Simply because the petitioner is not meeting the criterion of turnover as mentioned in Tender Document (Annexure-P/1), it cannot be said that the said condition is unreasonable. The petitioner cannot claim as a matter of right that the conditions of tender should always be suitable to it. The tender conditions cannot be interfered with only on the ground that the conditions of earlier tenders are suitable to the petitioner and the petitioner was a successful bidder in those tenders. As held by the Hon’ble Supreme Court in various decisions, the scope of judicial review in contractual matters is very limited and the terms and conditions of a tender are not liable to be interfered with unless the same is found to be malicious, discriminatory and against the public interest.

In the present case the petitioner has failed to make out a case of discrimination, malafides and also failed to demonstrate that the action of the respondents in introducing the turnover condition in Annexure-P/1 is against the public interest.

In Zenit Mataplast Private Ltd. vs. State of Maharashtra & Ors. (supra), the application of the appellant for allotment of land was rejected by the Maharashtra Industrial Development Corporation and the said land was allotted to some other company, then the appellant approached the Bombay High Court by way of a writ petition, however, the Bombay High Court while admitting the writ petition filed by the appellant rejected the application for interim relief, against which the appellant approached the Hon’ble Supreme Court in which the Hon’ble Supreme Court interfered with the matter and granted interim relief to the appellant. Here in this case, the petitioner has challenged the condition of turnover mentioned in the tender document and, therefore, the facts of the Zenit Mataplast Private Ltd. vs. State of Maharashtra & Ors. (supra) are quite distinguishable and have no application in the present controversy.

In Reliance Energy Ltd. & Anr. vs. Maharashtra State Road Development Corpn. Ltd. & Ors. (supra), the Hon’ble Supreme Court has interfered with the matter because bids of the appellants were illegally rejected at the time of evaluation of the bids and in that circumstance, the Hon’ble Supreme court has held that when tenders are invited, the terms and conditions must indicate with legal certainty, norms and benchmarks. This “legal certainty” is an important aspect of the rule of law. If there is vagueness or subjectivity in the said norms it may result in unequal and discriminatory treatment. It may violate doctrine of “level playing field”.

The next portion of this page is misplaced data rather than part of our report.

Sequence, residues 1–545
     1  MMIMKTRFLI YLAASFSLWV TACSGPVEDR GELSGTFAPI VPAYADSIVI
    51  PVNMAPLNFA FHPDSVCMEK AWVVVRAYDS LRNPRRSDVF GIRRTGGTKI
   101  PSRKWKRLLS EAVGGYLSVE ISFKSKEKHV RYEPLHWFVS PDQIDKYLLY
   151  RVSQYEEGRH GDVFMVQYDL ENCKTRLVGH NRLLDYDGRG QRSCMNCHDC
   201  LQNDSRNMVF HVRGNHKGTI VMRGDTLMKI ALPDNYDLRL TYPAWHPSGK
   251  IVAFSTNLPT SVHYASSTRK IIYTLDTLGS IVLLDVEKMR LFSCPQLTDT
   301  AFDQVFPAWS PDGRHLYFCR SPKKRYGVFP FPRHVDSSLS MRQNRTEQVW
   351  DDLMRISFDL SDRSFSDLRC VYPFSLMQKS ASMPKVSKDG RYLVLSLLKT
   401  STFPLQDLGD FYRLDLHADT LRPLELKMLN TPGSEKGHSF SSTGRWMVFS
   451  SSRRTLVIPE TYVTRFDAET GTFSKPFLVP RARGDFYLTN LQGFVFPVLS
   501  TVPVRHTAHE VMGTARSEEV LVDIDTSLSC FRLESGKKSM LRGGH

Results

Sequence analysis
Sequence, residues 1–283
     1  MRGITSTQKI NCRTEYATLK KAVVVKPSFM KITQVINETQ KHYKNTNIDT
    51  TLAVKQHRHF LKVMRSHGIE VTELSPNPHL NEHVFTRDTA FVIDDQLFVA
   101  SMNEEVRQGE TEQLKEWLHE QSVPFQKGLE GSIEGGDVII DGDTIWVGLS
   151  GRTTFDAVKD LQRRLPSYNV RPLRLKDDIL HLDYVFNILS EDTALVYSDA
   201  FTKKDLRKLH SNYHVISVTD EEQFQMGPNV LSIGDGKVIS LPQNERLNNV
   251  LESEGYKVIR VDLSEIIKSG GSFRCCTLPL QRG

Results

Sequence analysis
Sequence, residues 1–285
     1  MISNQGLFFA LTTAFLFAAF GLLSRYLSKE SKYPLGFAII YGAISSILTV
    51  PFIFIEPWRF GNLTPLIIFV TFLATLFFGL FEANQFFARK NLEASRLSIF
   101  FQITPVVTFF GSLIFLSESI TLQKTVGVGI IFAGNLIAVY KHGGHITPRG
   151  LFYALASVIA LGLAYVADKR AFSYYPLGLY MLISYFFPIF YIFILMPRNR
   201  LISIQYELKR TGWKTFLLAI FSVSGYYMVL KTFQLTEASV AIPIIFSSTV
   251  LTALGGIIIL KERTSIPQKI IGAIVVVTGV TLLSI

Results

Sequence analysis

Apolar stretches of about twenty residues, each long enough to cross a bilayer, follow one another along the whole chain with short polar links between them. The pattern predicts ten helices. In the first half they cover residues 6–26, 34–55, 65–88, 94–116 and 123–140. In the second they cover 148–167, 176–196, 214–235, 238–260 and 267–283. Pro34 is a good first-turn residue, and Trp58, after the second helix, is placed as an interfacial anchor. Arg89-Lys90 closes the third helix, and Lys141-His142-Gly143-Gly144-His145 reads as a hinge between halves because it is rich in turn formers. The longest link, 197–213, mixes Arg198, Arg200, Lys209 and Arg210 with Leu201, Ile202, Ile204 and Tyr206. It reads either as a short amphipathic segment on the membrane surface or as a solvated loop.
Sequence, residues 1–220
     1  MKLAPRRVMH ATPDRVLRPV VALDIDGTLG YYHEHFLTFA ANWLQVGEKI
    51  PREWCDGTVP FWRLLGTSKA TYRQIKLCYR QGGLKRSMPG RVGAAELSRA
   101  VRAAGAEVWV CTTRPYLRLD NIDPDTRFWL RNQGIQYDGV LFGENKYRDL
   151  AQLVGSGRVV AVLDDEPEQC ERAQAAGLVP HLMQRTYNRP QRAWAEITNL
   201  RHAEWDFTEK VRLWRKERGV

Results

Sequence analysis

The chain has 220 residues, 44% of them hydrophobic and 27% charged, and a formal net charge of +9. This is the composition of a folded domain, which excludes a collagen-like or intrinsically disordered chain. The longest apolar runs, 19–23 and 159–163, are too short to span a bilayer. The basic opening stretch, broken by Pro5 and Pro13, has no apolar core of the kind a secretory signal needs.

In the present case, the earlier tender (Annexure-P/2) was cancelled by the respondents and a new tender (Annexure-P/1) has been issued, wherein condition regarding turnover is different from the condition of turnover of the earlier tender. It is not the case, where the respondents have changed the condition of turnover during the tender process or the terms and conditions of the tender document are not clear.

In such circumstances, the decision rendered in Reliance Energy Ltd. & Anr. vs. Maharashtra State Road Development Corpn. Ltd. & Ors. (supra) is also of no help to the petitioner.

In Subhash Projects & Marketing Ltd. vs. W.B.Power Development Corpn. Ltd. & Ors. (supra), the High Court has given finding that contract was illegally awarded to the appellant company, however, instead of cancelling the contract awarded to the appellant – company, it has directed to pay Rs.1 crore to the company, which was aggrieved with the award of contract to the appellant – company. The Supreme Court refused to interfere in the matter and upheld the decision of High Court.

As stated earlier in this petition, the petitioner is not aggrieved with the award of contract to any other company but is only aggrieved with the condition of turnover. Hence, the decision rendered in Subhash Projects & Marketing Ltd. vs. W.B.Power Development Corpn. Ltd. & Ors. (supra) is also of no help to the petitioner.

Though in the pleadings of this petition, there is no challenge to the decision of the respondents of cancelling the tender dated 08.06.2016 (Annexure-P/2) but the learned counsel for the petitioner has orally argued that the action of the respondents of cancelling the Tender Document (Annexure-P/2) is illegal.

I have gone through the minutes of the meeting of the High Level Committee dated 08.08.2016 (Annexure-R/4), whereby the decision to cancel the Tender (Annexure-P/2) was taken wherein reasons have been recorded for cancelling the tender, therefore, it cannot be said that thedecision for cancellation of procurement process was taken without recording the reasons.

In view of the above discussions, no case for interference is made out in this writ petition and the same is hereby dismissed.

Stay petition also stands dismissed.